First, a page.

Adding A Heating Element

Starting from the wall plug in, connect the black and white wires from the plug to short pieces of black and white wires respectively.  For the rest of this, I'll just talk about one wire, but it's the same for both the white and black. 

To the short wire, you connected to the plug-in, using a twist on wire connector connect two short wires.  One of these will go to your first light socket, the other use another twist on wire connector to connect 2 more wires.  One of these goes to your second light socket, and the other goes to the third.

  • Note: While the instructions describe how to set up incandescent bulbs to act as a heating element, you can use a heat lamp, a cone heater, or even an electric griddle as one commenter suggested.

Food Dehydrator Recipes

Once you’ve finished your DIY Food dehydrator (or you purchased one), you’re probably anxious to learn what sort of delicious recipes you can create with it.

Food made with the dehydrator.

source: mountainfeed.com

Well, you’re in luck! Here are some great recipes that you can try.

Raw Kale Chips

  • 1 Bunch of Kale
  • Sea Salt to taste
  • Olive Oil
  • Diced Garlic to taste
  • Juice from Half of a Lemon
  • Pinch of Cumin

Wash the kale and then cut it into 3-inch long strips. Put the kale into a large bowl and combine the other ingredients. Once the kale is thoroughly coated, set it on a tray for 10 to 20 minutes—the strips should shrink a little bit. Then place the kale in an 115 degree F dehydrator for about 7 to 8 hours.

Dehydrated Sweet Potato Chips

  • Sweet Potatoes
  • Lemon Juice
  • Seasonings of your choosing

Wash and peel your sweet potatoes. Then slice the potatoes about 1/4-inch thick. Put the potatoes in an ice water bath while you wait for the water to boil. Once the water reached a rolling boil, place the potato slices in the boiling water for about five minutes.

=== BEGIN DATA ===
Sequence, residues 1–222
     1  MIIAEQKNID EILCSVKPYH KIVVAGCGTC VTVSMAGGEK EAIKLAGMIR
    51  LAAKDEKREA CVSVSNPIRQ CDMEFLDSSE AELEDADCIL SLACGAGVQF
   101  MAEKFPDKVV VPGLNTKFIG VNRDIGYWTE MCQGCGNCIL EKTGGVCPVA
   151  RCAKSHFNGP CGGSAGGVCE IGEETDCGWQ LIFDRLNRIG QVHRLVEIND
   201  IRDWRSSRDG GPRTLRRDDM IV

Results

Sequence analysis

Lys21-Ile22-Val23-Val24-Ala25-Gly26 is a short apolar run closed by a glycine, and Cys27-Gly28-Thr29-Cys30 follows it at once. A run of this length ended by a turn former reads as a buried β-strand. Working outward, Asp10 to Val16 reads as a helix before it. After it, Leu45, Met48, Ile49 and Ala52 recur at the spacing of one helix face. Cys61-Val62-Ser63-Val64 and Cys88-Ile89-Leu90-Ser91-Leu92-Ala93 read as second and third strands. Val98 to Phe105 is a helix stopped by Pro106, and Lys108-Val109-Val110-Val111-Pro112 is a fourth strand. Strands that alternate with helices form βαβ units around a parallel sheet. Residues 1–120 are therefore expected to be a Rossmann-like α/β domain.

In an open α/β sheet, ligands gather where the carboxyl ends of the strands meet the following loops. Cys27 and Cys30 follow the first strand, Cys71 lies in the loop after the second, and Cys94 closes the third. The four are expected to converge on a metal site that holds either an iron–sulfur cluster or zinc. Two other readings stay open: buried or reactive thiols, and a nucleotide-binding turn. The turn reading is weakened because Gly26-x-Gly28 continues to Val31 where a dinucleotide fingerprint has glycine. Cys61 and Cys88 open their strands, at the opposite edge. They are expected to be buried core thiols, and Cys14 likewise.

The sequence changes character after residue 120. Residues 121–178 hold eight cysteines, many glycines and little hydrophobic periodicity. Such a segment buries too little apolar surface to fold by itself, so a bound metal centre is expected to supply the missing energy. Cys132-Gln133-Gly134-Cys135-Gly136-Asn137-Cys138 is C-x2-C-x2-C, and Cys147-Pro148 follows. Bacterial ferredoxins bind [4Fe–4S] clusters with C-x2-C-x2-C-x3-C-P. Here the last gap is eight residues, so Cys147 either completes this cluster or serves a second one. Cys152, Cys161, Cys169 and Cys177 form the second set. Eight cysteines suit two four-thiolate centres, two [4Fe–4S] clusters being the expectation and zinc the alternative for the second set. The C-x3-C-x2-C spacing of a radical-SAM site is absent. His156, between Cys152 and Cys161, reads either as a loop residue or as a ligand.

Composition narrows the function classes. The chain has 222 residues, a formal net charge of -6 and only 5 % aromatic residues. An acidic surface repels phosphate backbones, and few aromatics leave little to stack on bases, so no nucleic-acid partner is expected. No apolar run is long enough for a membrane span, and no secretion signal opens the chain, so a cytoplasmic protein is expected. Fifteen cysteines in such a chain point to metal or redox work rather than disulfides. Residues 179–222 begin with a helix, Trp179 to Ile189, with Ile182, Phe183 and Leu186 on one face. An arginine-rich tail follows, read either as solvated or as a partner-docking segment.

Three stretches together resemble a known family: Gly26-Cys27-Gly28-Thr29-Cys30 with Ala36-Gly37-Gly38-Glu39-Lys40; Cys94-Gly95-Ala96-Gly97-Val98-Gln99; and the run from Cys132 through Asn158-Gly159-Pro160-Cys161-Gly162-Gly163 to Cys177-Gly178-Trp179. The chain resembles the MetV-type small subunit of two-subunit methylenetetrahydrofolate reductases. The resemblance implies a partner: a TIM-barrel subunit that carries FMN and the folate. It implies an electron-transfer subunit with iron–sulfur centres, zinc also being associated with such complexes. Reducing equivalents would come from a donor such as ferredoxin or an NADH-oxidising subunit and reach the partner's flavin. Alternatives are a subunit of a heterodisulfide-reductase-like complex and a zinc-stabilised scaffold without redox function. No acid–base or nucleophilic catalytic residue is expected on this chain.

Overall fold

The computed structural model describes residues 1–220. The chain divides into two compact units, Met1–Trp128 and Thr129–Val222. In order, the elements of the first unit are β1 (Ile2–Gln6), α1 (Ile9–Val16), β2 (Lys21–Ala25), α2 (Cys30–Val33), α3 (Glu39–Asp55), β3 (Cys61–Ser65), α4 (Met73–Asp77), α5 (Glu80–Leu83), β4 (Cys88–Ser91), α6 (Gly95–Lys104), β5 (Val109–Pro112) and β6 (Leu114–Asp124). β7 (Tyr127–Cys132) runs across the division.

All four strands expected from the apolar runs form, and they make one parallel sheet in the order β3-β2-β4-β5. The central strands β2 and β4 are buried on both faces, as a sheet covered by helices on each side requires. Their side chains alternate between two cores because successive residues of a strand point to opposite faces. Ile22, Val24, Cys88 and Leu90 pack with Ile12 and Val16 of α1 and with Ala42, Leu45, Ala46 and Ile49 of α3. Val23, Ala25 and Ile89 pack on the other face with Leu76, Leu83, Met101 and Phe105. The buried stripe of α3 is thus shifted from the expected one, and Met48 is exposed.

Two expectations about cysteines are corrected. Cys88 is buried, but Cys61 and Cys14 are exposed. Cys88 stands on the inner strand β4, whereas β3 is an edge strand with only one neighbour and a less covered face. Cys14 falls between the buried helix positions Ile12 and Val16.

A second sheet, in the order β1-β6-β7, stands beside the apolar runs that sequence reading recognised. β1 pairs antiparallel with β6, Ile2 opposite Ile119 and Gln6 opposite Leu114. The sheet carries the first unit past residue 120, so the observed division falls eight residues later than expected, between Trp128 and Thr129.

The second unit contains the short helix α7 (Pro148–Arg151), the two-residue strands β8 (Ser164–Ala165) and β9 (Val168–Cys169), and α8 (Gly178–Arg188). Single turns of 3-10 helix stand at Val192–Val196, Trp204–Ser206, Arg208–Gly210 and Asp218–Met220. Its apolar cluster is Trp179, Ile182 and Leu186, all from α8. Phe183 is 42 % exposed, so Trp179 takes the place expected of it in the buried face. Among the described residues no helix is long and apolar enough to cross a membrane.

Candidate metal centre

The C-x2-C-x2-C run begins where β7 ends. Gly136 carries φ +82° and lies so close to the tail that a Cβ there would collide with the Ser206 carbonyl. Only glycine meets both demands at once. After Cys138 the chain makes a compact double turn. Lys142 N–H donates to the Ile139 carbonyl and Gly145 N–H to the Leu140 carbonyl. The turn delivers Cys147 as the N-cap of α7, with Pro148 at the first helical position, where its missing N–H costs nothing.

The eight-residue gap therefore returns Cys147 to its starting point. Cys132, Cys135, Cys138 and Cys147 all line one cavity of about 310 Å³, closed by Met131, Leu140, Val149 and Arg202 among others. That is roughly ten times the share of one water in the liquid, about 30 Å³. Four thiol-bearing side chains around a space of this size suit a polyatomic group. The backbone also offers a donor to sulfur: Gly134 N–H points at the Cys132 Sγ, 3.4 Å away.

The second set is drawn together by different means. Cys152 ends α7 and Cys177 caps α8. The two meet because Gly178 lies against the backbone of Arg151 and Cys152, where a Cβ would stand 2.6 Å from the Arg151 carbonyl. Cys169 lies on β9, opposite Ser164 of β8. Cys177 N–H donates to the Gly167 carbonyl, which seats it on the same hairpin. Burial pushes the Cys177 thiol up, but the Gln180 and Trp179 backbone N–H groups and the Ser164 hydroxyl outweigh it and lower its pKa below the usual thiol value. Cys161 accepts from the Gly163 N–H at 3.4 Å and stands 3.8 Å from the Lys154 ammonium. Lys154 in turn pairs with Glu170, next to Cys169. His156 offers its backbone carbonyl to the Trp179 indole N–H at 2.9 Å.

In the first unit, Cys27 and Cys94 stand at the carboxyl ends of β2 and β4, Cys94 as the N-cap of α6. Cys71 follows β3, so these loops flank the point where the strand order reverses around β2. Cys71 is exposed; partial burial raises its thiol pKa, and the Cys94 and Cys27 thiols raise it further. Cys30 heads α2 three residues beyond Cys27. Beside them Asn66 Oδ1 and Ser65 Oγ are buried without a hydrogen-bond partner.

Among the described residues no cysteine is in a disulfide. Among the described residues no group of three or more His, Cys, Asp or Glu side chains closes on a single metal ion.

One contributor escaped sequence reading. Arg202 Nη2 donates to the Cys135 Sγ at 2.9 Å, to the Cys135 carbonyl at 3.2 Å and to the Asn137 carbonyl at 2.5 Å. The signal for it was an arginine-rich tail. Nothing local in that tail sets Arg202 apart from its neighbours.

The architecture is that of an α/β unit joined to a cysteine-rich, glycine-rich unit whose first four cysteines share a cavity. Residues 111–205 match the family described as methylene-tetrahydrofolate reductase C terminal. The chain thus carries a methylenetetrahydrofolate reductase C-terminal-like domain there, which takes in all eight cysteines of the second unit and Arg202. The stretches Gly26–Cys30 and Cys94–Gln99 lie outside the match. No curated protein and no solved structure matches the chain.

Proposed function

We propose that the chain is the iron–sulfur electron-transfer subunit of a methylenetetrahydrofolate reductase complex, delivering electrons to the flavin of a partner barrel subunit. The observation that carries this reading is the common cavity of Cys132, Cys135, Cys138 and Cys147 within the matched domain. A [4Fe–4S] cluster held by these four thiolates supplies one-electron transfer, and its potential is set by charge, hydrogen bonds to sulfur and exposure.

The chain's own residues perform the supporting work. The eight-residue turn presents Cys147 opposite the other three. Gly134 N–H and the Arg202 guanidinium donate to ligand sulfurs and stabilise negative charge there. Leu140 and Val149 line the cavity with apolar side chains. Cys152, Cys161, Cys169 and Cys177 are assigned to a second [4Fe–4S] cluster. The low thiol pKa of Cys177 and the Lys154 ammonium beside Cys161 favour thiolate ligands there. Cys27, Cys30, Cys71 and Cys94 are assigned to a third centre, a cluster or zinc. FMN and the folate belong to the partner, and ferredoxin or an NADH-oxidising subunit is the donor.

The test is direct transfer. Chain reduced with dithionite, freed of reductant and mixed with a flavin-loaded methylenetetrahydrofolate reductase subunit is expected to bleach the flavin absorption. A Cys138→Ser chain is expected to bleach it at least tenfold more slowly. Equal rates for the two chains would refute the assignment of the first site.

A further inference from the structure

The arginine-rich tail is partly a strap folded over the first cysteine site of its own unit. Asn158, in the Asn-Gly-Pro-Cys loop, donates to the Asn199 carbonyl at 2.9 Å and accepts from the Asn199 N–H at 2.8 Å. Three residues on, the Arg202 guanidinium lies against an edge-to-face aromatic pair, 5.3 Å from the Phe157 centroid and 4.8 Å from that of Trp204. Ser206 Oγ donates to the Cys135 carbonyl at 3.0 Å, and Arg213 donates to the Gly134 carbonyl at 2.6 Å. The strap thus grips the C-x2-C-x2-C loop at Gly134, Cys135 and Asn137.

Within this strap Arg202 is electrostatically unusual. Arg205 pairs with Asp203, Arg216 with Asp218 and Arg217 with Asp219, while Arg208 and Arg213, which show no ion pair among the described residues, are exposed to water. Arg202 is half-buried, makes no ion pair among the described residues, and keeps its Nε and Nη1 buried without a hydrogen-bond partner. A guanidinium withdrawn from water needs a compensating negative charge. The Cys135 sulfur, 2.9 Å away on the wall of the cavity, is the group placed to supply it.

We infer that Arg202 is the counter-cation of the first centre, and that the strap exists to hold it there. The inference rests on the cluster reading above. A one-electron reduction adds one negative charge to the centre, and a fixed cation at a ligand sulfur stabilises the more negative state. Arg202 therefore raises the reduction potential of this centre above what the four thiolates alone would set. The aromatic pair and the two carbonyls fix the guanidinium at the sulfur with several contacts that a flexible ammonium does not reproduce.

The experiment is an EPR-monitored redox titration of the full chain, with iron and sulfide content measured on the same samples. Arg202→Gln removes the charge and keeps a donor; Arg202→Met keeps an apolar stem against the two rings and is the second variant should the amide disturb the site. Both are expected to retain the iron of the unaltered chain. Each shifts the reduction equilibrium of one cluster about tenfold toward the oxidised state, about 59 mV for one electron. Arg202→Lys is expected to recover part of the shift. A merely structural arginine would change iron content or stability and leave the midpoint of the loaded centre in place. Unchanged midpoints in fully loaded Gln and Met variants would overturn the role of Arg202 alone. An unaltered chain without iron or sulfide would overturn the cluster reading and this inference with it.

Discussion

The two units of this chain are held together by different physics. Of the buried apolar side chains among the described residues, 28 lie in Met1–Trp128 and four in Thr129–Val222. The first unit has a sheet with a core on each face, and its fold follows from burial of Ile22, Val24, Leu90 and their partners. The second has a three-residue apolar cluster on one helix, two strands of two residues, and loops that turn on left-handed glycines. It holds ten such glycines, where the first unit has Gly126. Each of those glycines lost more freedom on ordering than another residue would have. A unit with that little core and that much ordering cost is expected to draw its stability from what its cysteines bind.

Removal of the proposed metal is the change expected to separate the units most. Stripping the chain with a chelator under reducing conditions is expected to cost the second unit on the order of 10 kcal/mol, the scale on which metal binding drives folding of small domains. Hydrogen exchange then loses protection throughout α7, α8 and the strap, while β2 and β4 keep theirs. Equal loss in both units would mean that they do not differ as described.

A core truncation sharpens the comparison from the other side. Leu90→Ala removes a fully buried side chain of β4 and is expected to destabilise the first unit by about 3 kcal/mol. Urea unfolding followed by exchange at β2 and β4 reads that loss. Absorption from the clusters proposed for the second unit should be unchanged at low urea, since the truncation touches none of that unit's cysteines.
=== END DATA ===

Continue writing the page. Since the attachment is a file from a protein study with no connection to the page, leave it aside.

Remove the slices from the boiling water and then put them back in the ice water with a few splashes of lemon juice to prevent the potatoes from cooking more.

Drain the potatoes thoroughly and sprinkle them with the seasoning of your choice. Then place the slices evenly on the dehydrator racks. Make sure they don’t touch one another! Set your dehydrator to 125 degrees F and allow them to dry until they become crispy. This can take anywhere from 10 to 12 hours.

Homemade Fruit Leather

  • Washed fruit of your choosing
  • 2 tablespoons of gelatin

Making fruit leather is really simple, and it gives you the opportunity to be creative with your flavor pairings! All you have to do is throw your fruit into a high-powered blender, like a Ninja or a Vitamix, and blend until it is a smooth puree. Once smooth, add the gelatin and blend again for a few seconds.

When your mixture is complete, you have three ways you can prepare your tray to hold the pureed fruit:

  • Paraflexx Sheets
  • Parchment paper
  • Plastic wrap if you can’t find anything else.

Take the product of your choice and lay it on top of the mesh dehydrator tray. Then pour about a cup or so of the fruit puree on the sheet and spread it out, so it is even, but is still about 1/4-inch thick. At this thickness, you’ll be able to remove it from the tray without any problems. Too thin and you’ll be struggling!

Turn the dehydrator on to 140 degrees (if you’re using a digital food dehydrator, you’re good. If you don’t have a temperature setting, keep the heat relatively low). This will take anywhere between 6 to 10 hours to dry. Depending on the fruit, it may even need to go overnight.

When the fruit leather is finished dehydrating, it should lift right off the tray. You can cut the leather to your liking and store them in an airtight plastic bag or even a jar.

Raw Butternut Squash Cookies

Raw Butternut Squash Cookies.

source: groundednutrition.com

  • 4 cups peeled butternut squash, chopped into medium sized chunks
  • 1 cup organic raisins
  • Juice of 1 orange
  • 3-4 Tbsp. raw honey, date paste or maple syrup
  • 1 tsp. cinnamon
  • 1/2 tsp. nutmeg
  • 1/8 tsp. sea salt
  • dash of cardamom (optional)
  • 1/4 cup crispy butternut squash or pumpkin seeds (optional)

Blend the chopped butternut squash until smooth, then place the puree into a bowl. Then blend together raisins and the juice from a medium orange. Add this mixture to the butternut squash. Add the sweetener, cinnamon, nutmeg, salt and optional ingredients if you desire. You can adjust the sweetness and seasoning to your taste.